But in the case of the tax proposals, the strategy behind Mr. Schumer’s efforts is putting to the test another set of principles he is known for. He has regularly portrayed himself as a progressive politician who identifies with the struggles of the middle class and is sharply critical of the selfish “plutocrats” who he says control the Republican Party.
And he has written a book on the subject, advising policy makers to follow his strategy of deciding positions by identifying with the concerns of people like the Baileys, a fictional middle-class family from Long Island that he uses as a guide.
Now, leaders in his party are using similar language to justify their efforts to raise taxes on hedge funds and private equity firms, saying the new revenues will help pay for health and education programs and begin to reduce the impact of the alternative minimum tax on the middle class. The proposals have gained momentum in recent weeks but face formidable political obstacles, primarily in the Senate.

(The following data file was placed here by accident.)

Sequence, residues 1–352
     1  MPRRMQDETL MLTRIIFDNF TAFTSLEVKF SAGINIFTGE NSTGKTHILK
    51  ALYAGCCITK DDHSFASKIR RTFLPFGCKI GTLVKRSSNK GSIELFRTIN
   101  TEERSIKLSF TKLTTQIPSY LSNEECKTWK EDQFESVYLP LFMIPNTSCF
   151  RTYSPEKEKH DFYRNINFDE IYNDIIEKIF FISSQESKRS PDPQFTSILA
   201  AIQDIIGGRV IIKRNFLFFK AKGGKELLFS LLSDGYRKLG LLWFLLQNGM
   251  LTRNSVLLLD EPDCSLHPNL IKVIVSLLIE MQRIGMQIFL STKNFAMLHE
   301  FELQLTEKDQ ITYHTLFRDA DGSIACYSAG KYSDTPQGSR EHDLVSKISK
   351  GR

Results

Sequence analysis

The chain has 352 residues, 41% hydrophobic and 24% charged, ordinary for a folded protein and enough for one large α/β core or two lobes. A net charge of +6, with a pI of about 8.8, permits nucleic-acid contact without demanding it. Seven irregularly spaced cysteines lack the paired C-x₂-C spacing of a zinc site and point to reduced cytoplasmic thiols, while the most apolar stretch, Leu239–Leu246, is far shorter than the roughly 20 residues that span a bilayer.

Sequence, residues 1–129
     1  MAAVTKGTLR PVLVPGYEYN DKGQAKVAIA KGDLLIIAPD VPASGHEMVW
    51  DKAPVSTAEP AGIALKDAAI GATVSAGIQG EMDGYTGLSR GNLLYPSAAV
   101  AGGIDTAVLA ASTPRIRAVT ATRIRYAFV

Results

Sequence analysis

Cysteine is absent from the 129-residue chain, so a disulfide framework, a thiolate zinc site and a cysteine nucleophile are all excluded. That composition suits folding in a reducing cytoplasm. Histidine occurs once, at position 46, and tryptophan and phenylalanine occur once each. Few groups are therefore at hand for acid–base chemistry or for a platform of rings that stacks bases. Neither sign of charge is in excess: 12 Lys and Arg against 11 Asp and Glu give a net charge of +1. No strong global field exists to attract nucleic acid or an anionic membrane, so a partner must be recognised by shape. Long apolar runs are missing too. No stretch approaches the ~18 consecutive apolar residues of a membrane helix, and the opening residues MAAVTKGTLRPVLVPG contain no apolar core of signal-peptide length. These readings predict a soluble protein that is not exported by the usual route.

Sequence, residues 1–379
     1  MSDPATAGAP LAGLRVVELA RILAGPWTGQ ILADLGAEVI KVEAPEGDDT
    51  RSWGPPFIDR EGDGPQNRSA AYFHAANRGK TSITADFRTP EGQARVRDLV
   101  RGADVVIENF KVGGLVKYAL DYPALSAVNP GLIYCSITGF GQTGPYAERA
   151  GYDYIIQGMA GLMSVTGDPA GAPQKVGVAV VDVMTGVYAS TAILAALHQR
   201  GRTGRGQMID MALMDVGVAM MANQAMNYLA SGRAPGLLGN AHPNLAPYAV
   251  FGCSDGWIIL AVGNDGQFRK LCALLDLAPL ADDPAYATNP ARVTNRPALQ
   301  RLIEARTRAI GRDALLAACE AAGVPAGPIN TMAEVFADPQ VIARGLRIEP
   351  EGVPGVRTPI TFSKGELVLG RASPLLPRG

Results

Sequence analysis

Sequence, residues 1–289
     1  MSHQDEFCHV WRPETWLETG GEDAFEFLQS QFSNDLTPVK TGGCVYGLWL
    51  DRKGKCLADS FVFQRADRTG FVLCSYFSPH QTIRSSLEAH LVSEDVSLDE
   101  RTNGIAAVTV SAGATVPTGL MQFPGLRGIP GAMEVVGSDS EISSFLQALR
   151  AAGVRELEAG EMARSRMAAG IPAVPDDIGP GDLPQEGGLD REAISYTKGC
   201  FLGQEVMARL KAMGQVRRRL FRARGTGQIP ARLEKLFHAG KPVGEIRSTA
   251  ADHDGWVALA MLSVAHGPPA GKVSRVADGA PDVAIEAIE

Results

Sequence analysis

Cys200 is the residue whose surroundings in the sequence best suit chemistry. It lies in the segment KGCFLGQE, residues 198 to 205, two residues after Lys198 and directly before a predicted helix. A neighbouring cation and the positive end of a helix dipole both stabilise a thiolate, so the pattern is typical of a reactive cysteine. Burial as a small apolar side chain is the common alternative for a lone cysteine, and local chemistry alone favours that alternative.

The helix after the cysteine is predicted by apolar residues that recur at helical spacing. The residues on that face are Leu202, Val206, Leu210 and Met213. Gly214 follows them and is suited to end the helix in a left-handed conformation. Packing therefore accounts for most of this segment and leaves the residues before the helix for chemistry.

In June, senior House Democrats separately proposed raising the tax rate on the investment gains of fund managers — known as “carried interest” — to the ordinary income tax rate of as much as 35 percent, from the capital gains rate of 15 percent.
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Monday, July 30, 2007
If you've been reading the articles I've posted recently you've followed the basic premise that hedge funds and private equity funds pay 15% tax on their earnings as capital gains instead of 30-35% corporate tax rate everyone else pays. Ben Stein's article in NY Times last week talks about this. Remember, Ben Stein worked for Nixon, he's a conservative, for the most part. Now, my former senator Chuck Shumer from New York thinks this is o.k. This is the same man who goes after the Bush Administration for cutting taxes for the rich. Read this article in the NY Times, In Opposing Tax Plan, Schumer Breaks with Party.